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Planning a Wic Research Agenda: Workshop Summary WIC providers and obstetricians on promoting healthful behaviors during pregnancy to prevent childhood obesity and improve maternal health; and WIC providers, home visitation programs, child care providers, and pediatricians on changing behaviors to help prevent excess weight gain among infants from birth to 12 months. The targets of intervention during pregnancy would be maternal prepregnancy BMI, excessive gestational weight gain, maternal smoking, and gestational diabetes. The interventions would occur mainly during the inter-pregnancy interval. Taveras called for improving the surveillance of obesity-related risk factors; coordinated referrals and communication strategies; and improvements in parents’ ability to handle infant feeding, sleep, and media exposure. A very important communication goal would be to counter the myth that the pregnant woman needs to “eat for two.” The targets of intervention during infancy would be excessive infant weight gain; breastfeeding initiation, continuation, and exclusivity; responsive feeding; portion sizes of bottles and solid food containers; outdoor physical activity; limiting television viewing and televisions in bedrooms; and improving sleep quality and duration. Taveras called for improved surveillance of infant weight gain using the CDC growth charts in combination with the identification of children at high risk of rapid growth and coordinated communication strategies to counter the myth that “bigger is better.” Other possible tactics involve education and support that would be directed mainly toward feeding practices and the promotion of physical activity and healthful sleep. Possible Methodology for Impact Evaluation Taveras supported the multistage design approach presented by Whitaker and focused on two possible evaluation methods: quasi-experiments and cluster-randomized controlled trials. Quasi-Experiments Quasi-experiments, as described by Gortmaker (2004), can have all the attributes of a randomized controlled trial, including pretest and posttest data. The key difference is the lack of random assignment to intervention and control groups. The success of the method depends on appropriate selection of the control sample (e.g., through propensity matching; see Chapter 10). Quasi-experiments make it possible to study programs and policies that are innovative, expensive, and difficult to implement.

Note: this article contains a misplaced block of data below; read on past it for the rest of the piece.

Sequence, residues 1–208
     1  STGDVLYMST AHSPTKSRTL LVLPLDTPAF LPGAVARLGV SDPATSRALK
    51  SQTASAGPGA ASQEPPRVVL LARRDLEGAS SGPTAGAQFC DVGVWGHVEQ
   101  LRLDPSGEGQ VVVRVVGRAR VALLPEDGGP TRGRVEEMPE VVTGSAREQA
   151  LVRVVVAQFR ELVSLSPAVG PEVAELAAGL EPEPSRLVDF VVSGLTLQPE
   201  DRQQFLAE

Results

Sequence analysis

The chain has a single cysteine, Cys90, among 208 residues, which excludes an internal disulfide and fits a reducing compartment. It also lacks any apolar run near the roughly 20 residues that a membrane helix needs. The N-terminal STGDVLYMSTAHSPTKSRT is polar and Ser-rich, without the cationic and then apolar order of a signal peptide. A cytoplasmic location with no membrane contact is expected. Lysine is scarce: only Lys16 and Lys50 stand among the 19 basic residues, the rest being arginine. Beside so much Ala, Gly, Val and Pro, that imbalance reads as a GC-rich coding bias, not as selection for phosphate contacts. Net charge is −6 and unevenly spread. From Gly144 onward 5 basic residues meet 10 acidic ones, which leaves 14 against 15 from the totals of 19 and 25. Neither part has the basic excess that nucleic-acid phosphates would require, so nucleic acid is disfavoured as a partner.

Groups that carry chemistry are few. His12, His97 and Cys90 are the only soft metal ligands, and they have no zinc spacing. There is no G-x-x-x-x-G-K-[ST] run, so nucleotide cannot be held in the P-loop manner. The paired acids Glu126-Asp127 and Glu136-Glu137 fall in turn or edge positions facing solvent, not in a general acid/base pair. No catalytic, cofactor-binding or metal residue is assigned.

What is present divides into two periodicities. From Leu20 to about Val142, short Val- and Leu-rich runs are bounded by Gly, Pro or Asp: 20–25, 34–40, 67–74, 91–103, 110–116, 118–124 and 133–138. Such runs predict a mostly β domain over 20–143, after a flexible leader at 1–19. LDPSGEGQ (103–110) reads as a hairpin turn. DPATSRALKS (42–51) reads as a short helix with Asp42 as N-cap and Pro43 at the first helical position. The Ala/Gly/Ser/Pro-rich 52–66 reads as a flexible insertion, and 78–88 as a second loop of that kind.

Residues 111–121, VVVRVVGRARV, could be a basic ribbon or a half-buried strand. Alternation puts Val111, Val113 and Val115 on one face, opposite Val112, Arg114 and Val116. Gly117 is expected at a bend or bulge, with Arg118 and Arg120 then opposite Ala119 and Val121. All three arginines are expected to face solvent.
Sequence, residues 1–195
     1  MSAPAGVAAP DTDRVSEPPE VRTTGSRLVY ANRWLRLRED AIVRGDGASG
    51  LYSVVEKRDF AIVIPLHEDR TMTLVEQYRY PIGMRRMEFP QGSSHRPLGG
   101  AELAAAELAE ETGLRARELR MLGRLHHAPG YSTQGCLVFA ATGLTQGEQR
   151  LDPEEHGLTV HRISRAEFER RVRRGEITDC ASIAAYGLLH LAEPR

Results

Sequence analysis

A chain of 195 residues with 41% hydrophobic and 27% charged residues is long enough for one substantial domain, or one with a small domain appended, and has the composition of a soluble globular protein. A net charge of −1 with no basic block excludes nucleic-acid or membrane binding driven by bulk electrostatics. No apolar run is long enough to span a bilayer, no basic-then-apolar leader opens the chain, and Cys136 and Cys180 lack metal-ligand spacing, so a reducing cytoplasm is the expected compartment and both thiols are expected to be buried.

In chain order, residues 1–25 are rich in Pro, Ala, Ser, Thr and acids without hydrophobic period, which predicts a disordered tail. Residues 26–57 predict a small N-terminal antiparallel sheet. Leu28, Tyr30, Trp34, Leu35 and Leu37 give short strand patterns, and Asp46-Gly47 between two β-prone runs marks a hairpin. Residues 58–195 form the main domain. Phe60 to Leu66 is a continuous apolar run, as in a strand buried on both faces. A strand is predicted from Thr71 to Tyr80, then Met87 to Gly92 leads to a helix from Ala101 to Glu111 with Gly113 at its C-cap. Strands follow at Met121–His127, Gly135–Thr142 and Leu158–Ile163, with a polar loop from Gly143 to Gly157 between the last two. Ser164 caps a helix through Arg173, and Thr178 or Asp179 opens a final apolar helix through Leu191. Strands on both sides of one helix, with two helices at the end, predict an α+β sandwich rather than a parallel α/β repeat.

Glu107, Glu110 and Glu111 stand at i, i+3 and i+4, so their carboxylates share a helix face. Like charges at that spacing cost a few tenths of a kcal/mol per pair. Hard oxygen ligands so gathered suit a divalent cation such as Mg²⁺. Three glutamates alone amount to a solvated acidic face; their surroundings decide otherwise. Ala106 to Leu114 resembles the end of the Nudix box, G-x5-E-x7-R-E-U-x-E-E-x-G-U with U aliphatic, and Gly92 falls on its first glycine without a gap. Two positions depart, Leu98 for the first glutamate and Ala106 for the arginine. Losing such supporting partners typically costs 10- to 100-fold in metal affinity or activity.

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Planning a Wic Research Agenda: Workshop Summary Cluster-Randomized Controlled Trials Cluster-randomized controlled trials are studies in which groups (clusters) are randomized rather than individuals. This method is useful when the intervention is applied to an entire group. Because of the randomization, such trials have better internal validity than quasi-experimental studies. They also allow the study of interventions that cannot be directed toward selected individuals. However, the design and analysis of cluster-randomized controlled trials are complex, the required sample sizes are large, the cost is high, and the long time it takes to obtain study results may preclude rapid evaluations of innovations. Concluding Comments Taveras said that WIC can play a substantial role in efforts to prevent childhood obesity during pregnancy, infancy, and early childhood—especially when WIC works in collaboration with partners such as obstetricians, home visitation programs, child care providers, and pediatricians. She concluded that those determining the research agenda should consider innovative study designs and methods as a way of overcoming the barriers to wide-scale intervention testing in WIC. RESPONSE Discussant: Sara Benjamin Neelon Questions Triggered by the Obesity Session Presentations Benjamin Neelon asked all those present to consider the presentations by Whitaker and Taveras and think about four questions, and she provided her own responses, as follows: What is WIC already doing and already doing well to prevent childhood obesity? Response: Screening and measuring growth, addressing competing issues within families. What can WIC do to include more obesity prevention within its current structure? Response: Target various family members and caregivers, not just the mother. Are there missed opportunities for obesity prevention within WIC? Response: Reaching women during interconceptional periods, engaging fathers and partners.